I’m delighted to be heading to The Sydney Writers Festival May 18-24 to talk about my work.

The first occasion on Thursday 21 May will tell the curious story of what critics and philosophers have made of van Gogh’s painting of The Shoes aka Boots with Laces (1886), and asking why the artist chose this subject. You can check out the whole story in A Shoe Story Van Gogh the Philosophers and the West.

Boots with Laces (1886)

On Friday 22 May  Luke Fischer, Peter Morgan and I will be talking about that unique poet, born in Prague, writing inimitable German, Rainer Maria Rilke. I’ll be particularly interested in the impact his visits to Russia had on him, and also the one novel he wrote, about his struggling life in Paris, before he was recognized as a genius.

Saturday 23 May I’ll be leading an all-day workshop on Writing and Travelling, without which, surely, there cannot be happiness in this life. We’ll be talking about different kinds of travelling (including with the eighteenth-century writer Xavier de Maistre, going nowhere), travelling and politics, and different styles of  writing, from the guidebook to the personal adventure.


I’ll also be talking, at the Art Gallery of New South Wales, about the extraordinary reception of van Gogh in Germany, from the beginning of the twentieth century to the outbreak of the second world war.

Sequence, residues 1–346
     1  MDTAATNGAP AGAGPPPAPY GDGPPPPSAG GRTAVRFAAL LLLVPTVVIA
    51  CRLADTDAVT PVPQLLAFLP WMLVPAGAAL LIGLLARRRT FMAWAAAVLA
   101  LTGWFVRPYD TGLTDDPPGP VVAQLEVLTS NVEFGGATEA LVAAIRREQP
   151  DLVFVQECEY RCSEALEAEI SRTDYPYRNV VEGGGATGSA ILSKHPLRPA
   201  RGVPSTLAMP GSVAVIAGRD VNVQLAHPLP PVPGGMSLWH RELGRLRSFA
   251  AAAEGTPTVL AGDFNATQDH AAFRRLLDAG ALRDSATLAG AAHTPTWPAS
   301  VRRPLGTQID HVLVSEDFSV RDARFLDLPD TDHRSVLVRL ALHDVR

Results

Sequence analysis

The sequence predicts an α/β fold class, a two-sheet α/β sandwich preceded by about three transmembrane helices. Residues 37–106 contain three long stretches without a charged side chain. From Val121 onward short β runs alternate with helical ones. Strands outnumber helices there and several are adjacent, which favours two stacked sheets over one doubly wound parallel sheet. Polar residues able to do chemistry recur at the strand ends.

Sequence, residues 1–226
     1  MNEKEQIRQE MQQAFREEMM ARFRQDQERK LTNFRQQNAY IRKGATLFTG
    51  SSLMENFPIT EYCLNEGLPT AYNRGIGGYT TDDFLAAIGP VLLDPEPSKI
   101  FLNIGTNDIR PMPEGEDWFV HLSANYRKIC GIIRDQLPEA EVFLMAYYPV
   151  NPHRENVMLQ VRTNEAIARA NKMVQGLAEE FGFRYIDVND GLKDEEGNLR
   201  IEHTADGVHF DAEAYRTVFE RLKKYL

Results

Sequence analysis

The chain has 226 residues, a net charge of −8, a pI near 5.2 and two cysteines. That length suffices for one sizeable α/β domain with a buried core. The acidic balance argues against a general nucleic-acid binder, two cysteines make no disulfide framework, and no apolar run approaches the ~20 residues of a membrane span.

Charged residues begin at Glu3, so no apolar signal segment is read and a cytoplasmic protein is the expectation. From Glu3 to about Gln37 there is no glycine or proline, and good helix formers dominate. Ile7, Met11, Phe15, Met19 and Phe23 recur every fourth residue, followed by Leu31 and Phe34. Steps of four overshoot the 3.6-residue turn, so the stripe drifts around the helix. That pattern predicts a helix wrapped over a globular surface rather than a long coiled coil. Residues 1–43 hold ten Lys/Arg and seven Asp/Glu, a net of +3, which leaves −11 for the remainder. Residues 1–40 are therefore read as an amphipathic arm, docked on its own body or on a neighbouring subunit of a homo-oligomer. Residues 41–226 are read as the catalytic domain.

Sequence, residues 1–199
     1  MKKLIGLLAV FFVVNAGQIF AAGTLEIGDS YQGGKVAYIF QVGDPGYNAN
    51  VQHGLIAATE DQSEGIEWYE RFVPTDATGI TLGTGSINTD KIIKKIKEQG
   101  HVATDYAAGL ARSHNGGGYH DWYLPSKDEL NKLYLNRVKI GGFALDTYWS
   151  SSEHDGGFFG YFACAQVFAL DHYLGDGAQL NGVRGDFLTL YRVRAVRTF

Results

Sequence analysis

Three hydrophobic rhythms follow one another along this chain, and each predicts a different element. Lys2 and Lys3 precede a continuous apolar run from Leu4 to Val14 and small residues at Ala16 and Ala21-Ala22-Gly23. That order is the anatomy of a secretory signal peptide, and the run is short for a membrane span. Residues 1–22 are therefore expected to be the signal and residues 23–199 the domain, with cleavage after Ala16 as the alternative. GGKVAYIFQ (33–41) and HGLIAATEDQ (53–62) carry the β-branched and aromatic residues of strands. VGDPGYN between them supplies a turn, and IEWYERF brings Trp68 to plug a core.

The text of my March 2, 2015, talk at London’s National Gallery: Van Gogh and the Limits of the Market will go up on my blog shortly.


The Jan 8 event at the Rose Theatre, Kingston, has also already happened. Listen to the podcast here:

What connections are to be drawn between 

and  was the question I set out to answer in my talk. The aim of the evening, which kicked off a season of talks about Shakespeare and Modernism/Shakespeare and the Modern Writer, was to use both of these giants to get a better sense of where literary modernism came from and where it was going. I situated both Shakespeare and Wagner in a philosophical context, while keeping in mind a composite early Modernist ‘writer’ with characteristics shared by Baudelaire, Nietzsche, Thomas Mann and Proust. Not the whole of Modernism by any means, but a large chunk of what we mean by Early Modernism.

My host was KiSS- the Kingston University Shakespeare Seminar. Professor Richard Wilson runs a vibrant group where all are welcome to fortnightly talks. See The Rose Theatre Kingston website.